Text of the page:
Former AMA President Ed Youngblood, R.I.P.

Former AMA President Ed Youngblood, R.I.P.

© 2024, Roadracing World Publishing, Inc. From a press release issued By American Motorcyclist Association (AMA):

Former AMA President Ed Youngblood Passes Away at 80

Youngblood spearheaded the AMA’s efforts from 1981 to 1999

PICKERINGTON, Ohio — The American Motorcyclist Association is saddened to hear about the passing of former AMA President Ed Youngblood on March 10, 2024, and offers condolences to his family, friends and colleagues. Youngblood was 80 years old.

Born on Sept. 28, 1943, in Muskogee, Okla., Youngblood bought his first bike — a 165cc Harley-Davidson — at the age of 14. After graduating from college with a master’s degree, he went to work with AMA Motorcycle Hall of Famers Chuck and Sharon Clayton as an editor of Cycle News East.

In 1970, Youngblood joined the AMA staff as managing editor of AMA News, which later was replaced by American Motorcyclist. In 1978, he was put in charge of the AMA’s government relations department.

In 1981, Youngblood was appointed AMA executive director. He led the organization until 1999. During his tenure, Youngblood focused on improving member communication, growing the AMA’s government relations efforts, and building stronger ties to the Fédération Internationale de Motocyclisme. For 25 years Youngblood was a delegate to the FIM, and he eventually became the deputy president, which was the second-highest rank in the organization.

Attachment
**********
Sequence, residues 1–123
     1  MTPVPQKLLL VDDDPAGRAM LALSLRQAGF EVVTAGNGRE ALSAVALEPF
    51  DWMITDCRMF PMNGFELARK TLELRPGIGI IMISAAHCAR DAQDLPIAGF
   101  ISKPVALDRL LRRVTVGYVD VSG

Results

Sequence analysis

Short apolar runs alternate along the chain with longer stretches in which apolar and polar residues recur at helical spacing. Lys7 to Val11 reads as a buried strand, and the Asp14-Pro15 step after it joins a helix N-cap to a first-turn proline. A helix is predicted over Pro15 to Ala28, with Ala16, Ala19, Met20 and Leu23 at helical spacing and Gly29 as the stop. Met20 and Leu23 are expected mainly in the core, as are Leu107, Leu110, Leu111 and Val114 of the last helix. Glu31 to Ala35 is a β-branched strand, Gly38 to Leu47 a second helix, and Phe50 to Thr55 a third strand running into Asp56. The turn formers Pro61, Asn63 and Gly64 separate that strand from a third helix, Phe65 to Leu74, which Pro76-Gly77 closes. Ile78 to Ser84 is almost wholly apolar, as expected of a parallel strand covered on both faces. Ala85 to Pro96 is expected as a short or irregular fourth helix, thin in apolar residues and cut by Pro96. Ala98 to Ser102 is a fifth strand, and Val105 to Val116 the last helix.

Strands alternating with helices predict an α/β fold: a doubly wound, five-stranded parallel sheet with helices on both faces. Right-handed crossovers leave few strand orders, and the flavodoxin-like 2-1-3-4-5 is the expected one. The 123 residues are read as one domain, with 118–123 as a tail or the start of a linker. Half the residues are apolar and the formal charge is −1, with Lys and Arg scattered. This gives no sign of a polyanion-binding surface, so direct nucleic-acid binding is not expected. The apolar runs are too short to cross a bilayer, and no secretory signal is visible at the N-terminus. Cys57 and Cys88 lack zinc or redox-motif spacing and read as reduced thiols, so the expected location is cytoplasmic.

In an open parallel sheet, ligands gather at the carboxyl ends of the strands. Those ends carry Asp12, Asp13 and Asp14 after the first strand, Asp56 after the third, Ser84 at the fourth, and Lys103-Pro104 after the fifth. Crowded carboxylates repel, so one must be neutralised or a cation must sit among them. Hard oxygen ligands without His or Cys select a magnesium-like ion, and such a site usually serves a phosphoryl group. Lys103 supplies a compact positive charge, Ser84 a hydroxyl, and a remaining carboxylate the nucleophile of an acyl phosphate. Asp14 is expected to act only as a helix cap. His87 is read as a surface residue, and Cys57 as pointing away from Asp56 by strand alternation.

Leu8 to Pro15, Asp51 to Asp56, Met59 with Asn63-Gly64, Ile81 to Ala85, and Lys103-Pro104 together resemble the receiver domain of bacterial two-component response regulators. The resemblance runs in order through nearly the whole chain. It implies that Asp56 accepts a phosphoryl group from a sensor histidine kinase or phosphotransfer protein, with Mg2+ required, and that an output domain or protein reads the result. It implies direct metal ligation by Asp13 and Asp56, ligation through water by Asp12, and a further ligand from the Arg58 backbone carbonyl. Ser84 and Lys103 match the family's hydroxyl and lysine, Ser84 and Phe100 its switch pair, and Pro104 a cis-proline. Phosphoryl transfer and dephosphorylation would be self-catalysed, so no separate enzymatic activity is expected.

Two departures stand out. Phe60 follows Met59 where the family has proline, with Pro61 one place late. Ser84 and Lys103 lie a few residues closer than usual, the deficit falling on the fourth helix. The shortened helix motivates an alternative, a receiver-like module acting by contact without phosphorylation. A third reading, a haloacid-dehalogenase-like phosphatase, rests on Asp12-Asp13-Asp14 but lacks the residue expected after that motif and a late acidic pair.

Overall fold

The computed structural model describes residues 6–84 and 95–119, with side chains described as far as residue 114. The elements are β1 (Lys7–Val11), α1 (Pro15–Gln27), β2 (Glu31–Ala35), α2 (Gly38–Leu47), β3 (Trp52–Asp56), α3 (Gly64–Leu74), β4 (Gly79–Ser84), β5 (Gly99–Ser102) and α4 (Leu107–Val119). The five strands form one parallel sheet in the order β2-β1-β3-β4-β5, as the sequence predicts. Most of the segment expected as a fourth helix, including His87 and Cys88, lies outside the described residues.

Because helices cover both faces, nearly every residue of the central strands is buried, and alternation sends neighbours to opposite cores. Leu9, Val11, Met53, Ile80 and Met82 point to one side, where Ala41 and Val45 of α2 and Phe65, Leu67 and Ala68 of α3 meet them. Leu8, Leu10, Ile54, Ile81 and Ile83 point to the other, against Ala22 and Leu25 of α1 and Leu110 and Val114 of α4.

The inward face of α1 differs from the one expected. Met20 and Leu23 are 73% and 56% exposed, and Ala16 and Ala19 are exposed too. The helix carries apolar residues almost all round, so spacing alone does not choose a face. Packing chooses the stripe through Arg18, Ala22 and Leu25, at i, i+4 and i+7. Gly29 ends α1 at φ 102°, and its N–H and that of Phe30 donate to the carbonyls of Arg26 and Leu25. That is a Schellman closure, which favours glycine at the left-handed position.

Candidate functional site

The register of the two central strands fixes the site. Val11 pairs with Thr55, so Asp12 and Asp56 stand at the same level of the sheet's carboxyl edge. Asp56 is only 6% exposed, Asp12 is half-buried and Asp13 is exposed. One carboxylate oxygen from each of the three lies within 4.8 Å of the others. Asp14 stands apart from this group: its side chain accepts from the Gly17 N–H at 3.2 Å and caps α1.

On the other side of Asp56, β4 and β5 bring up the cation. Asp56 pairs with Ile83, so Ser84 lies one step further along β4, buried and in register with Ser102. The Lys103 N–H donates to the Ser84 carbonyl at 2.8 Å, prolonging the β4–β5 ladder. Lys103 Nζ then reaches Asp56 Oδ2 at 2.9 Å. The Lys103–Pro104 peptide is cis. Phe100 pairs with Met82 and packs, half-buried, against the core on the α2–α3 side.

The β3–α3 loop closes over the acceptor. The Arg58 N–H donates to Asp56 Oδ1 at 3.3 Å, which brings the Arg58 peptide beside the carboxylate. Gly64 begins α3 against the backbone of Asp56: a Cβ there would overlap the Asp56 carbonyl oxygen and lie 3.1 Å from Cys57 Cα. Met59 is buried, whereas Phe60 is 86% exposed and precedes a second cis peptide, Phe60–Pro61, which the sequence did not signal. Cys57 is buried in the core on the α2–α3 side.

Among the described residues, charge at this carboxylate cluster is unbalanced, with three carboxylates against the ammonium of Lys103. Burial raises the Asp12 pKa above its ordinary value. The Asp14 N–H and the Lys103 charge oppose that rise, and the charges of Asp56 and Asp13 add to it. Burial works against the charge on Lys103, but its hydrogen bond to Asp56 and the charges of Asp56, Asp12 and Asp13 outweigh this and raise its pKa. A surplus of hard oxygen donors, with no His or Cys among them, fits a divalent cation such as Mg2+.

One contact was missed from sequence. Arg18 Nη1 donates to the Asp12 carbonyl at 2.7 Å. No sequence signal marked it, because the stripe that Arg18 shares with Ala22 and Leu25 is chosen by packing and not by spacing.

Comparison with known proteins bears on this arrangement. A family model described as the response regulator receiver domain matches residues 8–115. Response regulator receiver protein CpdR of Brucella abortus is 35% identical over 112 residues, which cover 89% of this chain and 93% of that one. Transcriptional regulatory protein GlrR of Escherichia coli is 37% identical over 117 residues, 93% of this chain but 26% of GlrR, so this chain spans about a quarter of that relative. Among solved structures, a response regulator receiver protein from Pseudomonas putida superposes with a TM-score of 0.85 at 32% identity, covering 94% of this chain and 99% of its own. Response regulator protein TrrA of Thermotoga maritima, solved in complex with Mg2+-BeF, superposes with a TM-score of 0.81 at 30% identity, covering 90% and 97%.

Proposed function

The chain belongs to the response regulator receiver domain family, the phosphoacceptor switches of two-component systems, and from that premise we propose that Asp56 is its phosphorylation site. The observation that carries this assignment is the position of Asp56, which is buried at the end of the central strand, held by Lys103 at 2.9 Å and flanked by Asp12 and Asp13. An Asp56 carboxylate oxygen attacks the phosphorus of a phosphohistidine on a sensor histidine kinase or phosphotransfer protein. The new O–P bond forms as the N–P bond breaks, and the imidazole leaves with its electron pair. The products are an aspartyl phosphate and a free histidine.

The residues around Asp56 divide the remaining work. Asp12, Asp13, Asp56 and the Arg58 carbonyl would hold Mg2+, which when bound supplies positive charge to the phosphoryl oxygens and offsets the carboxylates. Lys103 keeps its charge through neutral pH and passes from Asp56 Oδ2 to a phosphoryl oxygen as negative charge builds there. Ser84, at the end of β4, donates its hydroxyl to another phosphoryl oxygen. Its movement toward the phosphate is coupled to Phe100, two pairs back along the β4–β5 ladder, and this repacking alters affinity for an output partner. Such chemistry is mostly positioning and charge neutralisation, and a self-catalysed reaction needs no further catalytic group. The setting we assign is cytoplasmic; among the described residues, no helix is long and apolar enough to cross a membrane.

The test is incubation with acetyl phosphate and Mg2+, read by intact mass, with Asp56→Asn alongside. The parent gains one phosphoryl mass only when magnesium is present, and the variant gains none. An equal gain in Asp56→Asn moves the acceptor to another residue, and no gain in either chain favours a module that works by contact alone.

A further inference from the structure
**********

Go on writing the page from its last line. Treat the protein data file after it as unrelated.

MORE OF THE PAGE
Youngblood also helped establish the AMA Motorcycle Hall of Fame. He was instrumental in forming the American Motorcycle Heritage Foundation in the early 1980s to raise funds for the Hall of Fame Museum. The American Motorcycle Heritage Museum was opened in 1990 within the AMA’s old headquarters in Westerville, Ohio.

During Youngblood’s tenure the AMA’s headquarters was relocated to Pickerington, Ohio — which remains the AMA’s home today. The American Motorcycle Heritage Museum followed the AMA to Pickerington, assuming a new name: The AMA Motorcycle Hall of Fame Museum.

Youngblood resigned from the AMA to focus on his interests in history and writing in 1999 and was inducted into the AMA Motorcycle Hall of Fame later that year.

 

About the American Motorcyclist Association

Founded in 1924, the AMA is a not-for-profit member-based association whose mission is to promote the motorcycle lifestyle and protect the future of motorcycling. As the world’s largest motorcycling rights and event sanctioning organization, the AMA advocates for riders’ interests at all levels of government and sanctions thousands of competition and recreational events every year. Besides offering members money-saving discounts on products and services, the AMA also publishes American Motorcyclist, a recently revitalized and monthly full-color magazine (and digital version of same) that covers current events and motorcycle history with brilliant photography and compelling writing. American Motorcyclist is also North America’s largest-circulation magazine. Through the AMA Motorcycle Hall of Fame in Pickerington, Ohio, the AMA honors the heroes and heritage of motorcycling. For more information, visit americanmotorcyclist.com.

Not a member? Join the AMA today: americanmotorcyclist.com.

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